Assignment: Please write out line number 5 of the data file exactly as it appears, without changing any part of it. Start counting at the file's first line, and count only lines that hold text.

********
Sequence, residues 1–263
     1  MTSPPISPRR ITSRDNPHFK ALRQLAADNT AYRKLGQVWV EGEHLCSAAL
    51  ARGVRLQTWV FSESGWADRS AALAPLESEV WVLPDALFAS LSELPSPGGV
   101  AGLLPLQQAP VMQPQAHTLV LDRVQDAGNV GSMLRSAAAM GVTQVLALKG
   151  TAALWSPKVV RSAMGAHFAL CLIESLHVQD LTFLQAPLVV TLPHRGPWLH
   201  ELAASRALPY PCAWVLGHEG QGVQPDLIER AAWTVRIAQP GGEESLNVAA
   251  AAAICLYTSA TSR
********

   151  TAALWSPKVV RSAMGAHFAL CLIESLHVQD LTFLQAPLVV TLPHRGPWLH